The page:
Being Adopted, The Early Years

I think I was adopted at about 6 weeks of age, so it is safe to say I have absolutely no memory of it. For me my adoptive parents have always been Mum and Dad, and I have been extremely lucky to have been loved all of my life. My parents worked hard to give me every opportunity in life and have supported me through my up’s and downs. I understand now how hard it is to be a parent but I also know what unconditional love is and that is the best reward life can give you.

Time and experience in life gives me great hindsight and at the tender age of 51, I know who I am and for once I own my identity and like me. It has taken me this long to see myself and be comfortable and even at times like what I see. In many respects being adopted as an infant led to me being affected by adoption all my life. I experienced issues of attachment, self-image and loss. Of course this is just my experience and my thoughts and my Mum and Dad were wonderful. These emotions I never spoke of and reflecting back may explain some of my behaviour. I remember being told I was adopted and I think I was around  5 years of age. I was confused but understood and remember trying to work things out in my mind and come to terms with having birth parents and adopted parents and somehow try to marry them together.

I would imagine children who are adopted later on in life have a very different experience and come to terms with it at a different stage of their developmental life. I have never understood why I grieved the loss of my biological parents after all I didn’t know them and I have fantastic parents. But I did. Transracial, cross-cultural and special needs issues will also affect a Childs adoption experience. To explain what I mean is some time ago I met my biological Mother and she was disappointed to learn I was Irish. There are no words to describe what flashed trough my mind as I listened to that comment. Mum and Dad brought me up well and I always open my door, mind and heart to any human no matter who or where they come from. They can be pink or blue, rich or poor a human is a human!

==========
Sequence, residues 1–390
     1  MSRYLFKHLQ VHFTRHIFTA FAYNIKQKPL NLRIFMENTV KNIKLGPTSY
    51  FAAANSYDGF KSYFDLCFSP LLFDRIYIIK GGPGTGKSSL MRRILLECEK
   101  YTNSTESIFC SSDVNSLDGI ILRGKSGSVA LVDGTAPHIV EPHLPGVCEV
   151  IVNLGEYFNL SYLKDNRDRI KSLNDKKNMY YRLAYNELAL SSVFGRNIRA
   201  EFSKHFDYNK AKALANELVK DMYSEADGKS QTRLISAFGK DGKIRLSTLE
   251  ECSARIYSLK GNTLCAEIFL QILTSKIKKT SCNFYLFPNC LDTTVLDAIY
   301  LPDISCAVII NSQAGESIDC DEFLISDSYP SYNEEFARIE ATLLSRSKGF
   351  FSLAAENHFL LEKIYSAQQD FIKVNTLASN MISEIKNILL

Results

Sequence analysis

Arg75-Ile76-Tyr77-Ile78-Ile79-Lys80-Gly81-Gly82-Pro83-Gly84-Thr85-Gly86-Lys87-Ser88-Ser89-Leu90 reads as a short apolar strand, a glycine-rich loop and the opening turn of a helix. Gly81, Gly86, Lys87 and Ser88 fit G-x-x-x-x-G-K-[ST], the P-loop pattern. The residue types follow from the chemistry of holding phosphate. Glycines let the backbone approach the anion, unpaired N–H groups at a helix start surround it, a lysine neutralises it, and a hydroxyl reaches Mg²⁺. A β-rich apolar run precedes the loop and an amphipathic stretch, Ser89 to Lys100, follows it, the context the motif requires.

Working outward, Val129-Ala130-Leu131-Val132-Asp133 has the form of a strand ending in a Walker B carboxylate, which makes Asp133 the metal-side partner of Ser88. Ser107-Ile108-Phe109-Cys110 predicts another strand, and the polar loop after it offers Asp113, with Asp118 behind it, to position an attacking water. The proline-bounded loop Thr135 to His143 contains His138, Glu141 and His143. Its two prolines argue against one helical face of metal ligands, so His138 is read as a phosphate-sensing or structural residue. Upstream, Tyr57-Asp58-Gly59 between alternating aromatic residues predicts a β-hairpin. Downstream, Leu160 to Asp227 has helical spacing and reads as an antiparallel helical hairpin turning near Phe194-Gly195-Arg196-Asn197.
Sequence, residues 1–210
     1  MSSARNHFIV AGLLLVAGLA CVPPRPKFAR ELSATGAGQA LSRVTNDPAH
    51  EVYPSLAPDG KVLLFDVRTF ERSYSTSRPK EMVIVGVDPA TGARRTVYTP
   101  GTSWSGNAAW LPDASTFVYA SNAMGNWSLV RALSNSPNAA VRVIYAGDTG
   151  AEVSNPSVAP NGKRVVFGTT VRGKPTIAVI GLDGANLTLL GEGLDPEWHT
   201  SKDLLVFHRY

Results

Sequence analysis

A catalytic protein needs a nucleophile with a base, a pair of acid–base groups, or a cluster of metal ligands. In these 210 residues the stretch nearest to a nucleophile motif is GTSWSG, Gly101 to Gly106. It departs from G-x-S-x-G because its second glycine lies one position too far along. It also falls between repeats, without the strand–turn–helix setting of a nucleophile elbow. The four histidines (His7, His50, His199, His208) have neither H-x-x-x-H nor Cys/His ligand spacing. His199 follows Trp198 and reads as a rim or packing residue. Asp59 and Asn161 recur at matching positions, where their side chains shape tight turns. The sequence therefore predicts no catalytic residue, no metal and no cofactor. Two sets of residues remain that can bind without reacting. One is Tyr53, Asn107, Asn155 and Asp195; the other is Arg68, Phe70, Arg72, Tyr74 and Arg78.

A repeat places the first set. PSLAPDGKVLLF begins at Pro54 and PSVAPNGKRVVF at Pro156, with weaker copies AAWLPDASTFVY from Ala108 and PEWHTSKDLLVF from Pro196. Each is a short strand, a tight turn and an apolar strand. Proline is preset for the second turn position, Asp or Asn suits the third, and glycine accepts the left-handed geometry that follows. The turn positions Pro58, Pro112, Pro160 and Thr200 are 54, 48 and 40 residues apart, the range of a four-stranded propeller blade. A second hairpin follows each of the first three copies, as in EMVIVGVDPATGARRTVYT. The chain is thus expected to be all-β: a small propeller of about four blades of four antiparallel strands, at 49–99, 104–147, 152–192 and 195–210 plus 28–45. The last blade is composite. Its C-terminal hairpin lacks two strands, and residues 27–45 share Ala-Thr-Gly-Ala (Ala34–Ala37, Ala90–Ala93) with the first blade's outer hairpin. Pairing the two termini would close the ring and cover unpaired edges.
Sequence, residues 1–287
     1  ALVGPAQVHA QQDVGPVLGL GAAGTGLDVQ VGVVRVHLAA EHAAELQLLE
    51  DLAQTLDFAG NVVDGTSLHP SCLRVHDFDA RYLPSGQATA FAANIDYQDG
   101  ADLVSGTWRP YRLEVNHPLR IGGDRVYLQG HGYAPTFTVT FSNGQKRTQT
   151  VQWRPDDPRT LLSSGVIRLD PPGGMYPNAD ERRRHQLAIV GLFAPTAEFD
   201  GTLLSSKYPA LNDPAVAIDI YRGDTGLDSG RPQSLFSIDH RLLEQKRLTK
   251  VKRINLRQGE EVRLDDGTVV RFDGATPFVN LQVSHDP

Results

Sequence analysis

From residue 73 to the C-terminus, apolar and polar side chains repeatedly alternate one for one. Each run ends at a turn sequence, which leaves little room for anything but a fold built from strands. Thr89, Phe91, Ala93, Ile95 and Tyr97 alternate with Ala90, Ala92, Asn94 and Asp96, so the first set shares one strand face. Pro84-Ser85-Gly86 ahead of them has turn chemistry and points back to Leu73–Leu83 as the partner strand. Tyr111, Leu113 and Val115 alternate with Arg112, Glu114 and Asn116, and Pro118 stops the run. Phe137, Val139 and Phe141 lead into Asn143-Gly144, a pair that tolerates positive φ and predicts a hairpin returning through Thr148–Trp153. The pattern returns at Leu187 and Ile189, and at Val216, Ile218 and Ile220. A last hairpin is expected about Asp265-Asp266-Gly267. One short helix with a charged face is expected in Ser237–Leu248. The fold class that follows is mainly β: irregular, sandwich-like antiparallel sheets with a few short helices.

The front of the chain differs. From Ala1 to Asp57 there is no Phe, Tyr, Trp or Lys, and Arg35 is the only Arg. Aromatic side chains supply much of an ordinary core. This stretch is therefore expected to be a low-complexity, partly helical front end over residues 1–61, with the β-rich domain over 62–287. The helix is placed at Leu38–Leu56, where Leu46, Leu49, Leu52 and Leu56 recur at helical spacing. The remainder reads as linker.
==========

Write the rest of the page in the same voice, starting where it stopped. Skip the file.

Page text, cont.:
I have been lucky enough to work with children in a professional capacity and it was the best job I have had to date and has motivated me to write about my life experiences. As a child you will attach yourself to and bond with the primary caregiver. The temperament and the atmosphere of the home will affect how the child integrates and adjusts. Then the preschool age, my favourite age. My imagination ran away with me, cowboys were al the rage and even the odd superhero. What a fantasy! I didn’t understand how children were made but my mum somehow explained to me in such a way that I understood another lady gave birth to me and it was the same way as any other child was born just she didn’t give birth to me. I had no concept of time or space but knew mum was mum and another lady gave birth to me. I was good go and time to jump back on my horse and catch the baddies. I am sure this opened the door for my parents to introduce the language of adoption and start the story of my journey. It was this opens on my parents part that lead to a degree of comfort about talking about my adoption.

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